When I came onto staff at Mariners Church as the “story person,” I quickly began to feel the weight of holding someone’s story—and the fear of asking hard questions. In my role I was trusted to meet with individuals who were sharing the deepest pains of their life, yet when it came time to film, I shut down and told myself lies about my ability to hear their stories.
“They hinted to a traumatic experience…who am I to poke at it more? If they were truly ready to share, they already would have done so. I can tell this story without any of the specifics…”
This mindset trapped me for over a year, and instilled a fear and hesitancy in my interviewing posture. “I don’t have enough relationship to go there with them! What if I make things feel unsafe?”
These lies told me it was better to appear cautious than overbearing. It wasn’t until I saw a story play that left the audience with the job of piecing together the plot points, that I realized the danger in being cautious. In this story, the subject was hinting at a trauma he experienced as a child. The audience heard:
“It happened at home. I saw myself differently after that.”
Me, the interviewer, knowing the context, thought his allusion was sufficient, and that the vague response would allow the audience to plug and play their own story into the scenario. What I didn’t realize, was how harmful that was for not only the subject, but the audience. What was “it” that happened? Was it assault? Was it something he did or was done to him? I saw the engaged faces of the audience turn to introspection, away from the story in front of them. It took them down a path to find resolution with their own trauma, because there was no longer a promise of resolution on the screen. It was unsafe.
I knew had to approach interviews more ruthlessly in order to give the audience a clear path to travel.
Rooted celebration came a few weeks later. I have the honor of going through the Rooted cards and choosing individuals to share. I decided that this time, I’d dig a bit deeper than what was written down.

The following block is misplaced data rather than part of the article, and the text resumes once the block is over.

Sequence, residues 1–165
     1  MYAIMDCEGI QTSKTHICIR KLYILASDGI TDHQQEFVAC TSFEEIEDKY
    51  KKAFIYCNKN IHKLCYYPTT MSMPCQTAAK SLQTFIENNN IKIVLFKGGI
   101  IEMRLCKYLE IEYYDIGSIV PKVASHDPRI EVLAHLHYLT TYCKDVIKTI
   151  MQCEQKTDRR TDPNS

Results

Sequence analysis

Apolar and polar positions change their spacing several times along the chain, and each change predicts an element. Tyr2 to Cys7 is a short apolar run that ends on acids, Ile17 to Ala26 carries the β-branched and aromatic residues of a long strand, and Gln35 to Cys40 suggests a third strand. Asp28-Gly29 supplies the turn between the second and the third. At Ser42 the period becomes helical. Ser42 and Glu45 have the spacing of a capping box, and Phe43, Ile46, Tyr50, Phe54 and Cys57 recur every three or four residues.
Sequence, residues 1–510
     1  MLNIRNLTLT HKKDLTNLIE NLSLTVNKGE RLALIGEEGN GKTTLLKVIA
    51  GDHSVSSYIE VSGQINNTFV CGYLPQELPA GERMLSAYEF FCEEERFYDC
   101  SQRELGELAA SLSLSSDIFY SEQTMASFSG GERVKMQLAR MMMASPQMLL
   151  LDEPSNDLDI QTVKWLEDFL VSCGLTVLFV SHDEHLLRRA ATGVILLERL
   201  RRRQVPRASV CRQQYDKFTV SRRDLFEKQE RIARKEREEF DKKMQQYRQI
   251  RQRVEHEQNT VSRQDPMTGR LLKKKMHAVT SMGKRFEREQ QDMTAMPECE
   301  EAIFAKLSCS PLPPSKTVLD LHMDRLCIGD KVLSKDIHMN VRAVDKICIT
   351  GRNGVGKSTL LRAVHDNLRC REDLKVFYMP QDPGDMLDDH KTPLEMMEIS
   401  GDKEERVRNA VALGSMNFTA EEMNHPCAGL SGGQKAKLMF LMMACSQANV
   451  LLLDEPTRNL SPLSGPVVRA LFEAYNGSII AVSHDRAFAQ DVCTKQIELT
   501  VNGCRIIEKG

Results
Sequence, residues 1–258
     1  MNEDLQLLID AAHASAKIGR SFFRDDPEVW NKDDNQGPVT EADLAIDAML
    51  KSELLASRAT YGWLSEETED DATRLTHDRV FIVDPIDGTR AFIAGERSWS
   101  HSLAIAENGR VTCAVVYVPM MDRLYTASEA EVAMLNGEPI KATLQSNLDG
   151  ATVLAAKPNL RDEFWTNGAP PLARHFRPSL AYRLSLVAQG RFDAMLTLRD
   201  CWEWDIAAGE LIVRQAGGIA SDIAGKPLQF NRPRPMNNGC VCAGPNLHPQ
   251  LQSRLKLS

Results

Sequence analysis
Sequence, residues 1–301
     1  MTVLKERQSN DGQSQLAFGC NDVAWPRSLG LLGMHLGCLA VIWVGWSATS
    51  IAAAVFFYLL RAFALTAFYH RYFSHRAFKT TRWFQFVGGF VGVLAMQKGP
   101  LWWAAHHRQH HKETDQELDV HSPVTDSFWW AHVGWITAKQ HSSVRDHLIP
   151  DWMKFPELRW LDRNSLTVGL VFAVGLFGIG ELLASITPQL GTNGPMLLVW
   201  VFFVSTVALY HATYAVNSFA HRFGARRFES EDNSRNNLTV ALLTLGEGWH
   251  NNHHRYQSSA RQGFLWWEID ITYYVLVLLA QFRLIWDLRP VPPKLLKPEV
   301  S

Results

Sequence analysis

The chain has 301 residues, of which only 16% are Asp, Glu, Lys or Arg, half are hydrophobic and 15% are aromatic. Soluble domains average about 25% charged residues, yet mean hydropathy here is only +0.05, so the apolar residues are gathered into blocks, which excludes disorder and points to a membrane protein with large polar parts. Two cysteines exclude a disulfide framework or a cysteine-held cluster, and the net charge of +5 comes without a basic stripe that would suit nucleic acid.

It started simply, but boldly. I asked, “Would you be willing to share what that shame was about…specifically?”
We hide so many details of our lives behind closed doors, mostly due to shame. There is a fear in opening a door and releasing whatever darkness lives behind it. But what we see on display in Rooted, is the power of “me, too.” When we share our stories, doors are swung opened, and someone in the group starts to believe, “If they can draw their secret out…maybe I can too. Maybe I can bring this shame into the light and remove its hold on me.” And while there is power in saying “I have addiction…I struggle with anxiety…I am trapped by envy…” there is another victory just below the surface. Addiction to what? Anxiety from where? Envious of whom?
I once thought “who am I to go there with this person?” Your calling to lead your group, your own experience of freedom in sharing your story—that qualifies you. The safety you create in your group, and your willingness to lead by example, will invite others to do the same. Some might not be ready, and there is still great power in the broad strokes, but my encouragement to you, is to take a chance and see what the power of specificity can unlock not just for those listening, but for the person sharing. More often than not, people are waiting for the invitation to go deeper, they are seeking freedom. To know the intimate details of our stories are not too much for others to walk into, is the transcendent power of community, and it lies in the courageous pursuit of honest storytelling.
Alana Aronson is the Story Curator at Mariners Church, Irvine. She cares deeply about people, and believes in the unity and empowerment that emerges when an individual shares his or her story. Leading the Story and Video Team at Mariners, Alana is passionate about putting God’s work on display through honest and creative communication.